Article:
First, see my answer to question #9 above (do hypnotic recordings really work?). Telephone sessions certainly “work” and, yes, I offer these. The dynamic behind these is about the same as that of prerecorded hypnosis audio: you don’t have to be in the same room as the hypnotist in order to enter trance, you simply need to be able to hear their voice and follow their instructions. The upside of telephone sessions is that you get a more personalized and interactive experience (than in a recording), yet you’re still able to enjoy them in the privacy and comfort of your home (as opposed to going to a hypnotherapist’s office). A couple of tips for phone sessions: do some conditioning with recordings (mp3s) first, and get yourself a telephone headset. (You’ll have a much easier time relaxing if you don’t have to hold a phone to your ear).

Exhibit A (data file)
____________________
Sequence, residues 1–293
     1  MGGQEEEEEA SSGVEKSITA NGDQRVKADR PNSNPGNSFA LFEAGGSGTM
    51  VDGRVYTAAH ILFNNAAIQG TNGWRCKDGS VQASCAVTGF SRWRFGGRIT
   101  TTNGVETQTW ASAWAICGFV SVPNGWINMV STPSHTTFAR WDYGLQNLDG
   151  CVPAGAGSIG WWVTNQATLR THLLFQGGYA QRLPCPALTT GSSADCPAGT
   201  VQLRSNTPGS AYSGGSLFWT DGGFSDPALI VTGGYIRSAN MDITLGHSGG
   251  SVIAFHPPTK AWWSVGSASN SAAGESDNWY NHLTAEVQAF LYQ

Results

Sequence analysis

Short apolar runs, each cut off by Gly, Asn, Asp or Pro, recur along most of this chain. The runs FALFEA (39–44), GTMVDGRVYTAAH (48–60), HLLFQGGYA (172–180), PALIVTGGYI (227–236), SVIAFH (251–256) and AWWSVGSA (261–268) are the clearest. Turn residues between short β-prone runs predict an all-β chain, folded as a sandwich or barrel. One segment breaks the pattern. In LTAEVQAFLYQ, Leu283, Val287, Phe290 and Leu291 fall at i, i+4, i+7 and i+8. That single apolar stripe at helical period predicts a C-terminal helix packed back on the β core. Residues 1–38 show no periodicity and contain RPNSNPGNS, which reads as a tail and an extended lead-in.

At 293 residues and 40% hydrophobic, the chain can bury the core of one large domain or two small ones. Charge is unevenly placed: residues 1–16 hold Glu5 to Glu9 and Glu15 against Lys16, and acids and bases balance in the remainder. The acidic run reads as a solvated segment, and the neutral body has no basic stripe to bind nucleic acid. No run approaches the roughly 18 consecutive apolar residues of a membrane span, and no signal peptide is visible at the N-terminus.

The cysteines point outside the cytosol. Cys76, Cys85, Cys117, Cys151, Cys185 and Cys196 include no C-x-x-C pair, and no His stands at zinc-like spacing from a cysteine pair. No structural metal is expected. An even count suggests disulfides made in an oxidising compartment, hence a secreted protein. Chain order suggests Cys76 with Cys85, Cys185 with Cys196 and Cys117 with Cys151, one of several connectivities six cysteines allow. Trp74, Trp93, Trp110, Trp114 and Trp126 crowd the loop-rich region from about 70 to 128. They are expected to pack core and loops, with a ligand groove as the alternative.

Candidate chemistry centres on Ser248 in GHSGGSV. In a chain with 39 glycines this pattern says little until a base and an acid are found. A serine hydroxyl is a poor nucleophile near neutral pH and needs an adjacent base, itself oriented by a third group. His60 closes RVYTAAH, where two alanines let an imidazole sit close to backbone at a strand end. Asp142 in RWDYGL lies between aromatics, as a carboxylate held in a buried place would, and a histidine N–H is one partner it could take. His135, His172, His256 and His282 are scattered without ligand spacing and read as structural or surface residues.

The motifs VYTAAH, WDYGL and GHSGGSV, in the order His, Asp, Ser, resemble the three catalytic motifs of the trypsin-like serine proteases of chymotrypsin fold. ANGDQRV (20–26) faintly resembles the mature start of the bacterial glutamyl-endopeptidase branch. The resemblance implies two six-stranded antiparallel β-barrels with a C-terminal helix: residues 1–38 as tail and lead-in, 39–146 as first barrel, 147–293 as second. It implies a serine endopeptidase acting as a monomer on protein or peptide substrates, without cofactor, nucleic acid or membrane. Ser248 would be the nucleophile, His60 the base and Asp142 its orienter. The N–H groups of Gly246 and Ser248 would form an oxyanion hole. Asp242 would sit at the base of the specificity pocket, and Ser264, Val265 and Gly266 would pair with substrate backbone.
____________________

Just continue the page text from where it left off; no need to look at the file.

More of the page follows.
Can you recommend a good hypnotherapist for me? How do I find one in my area?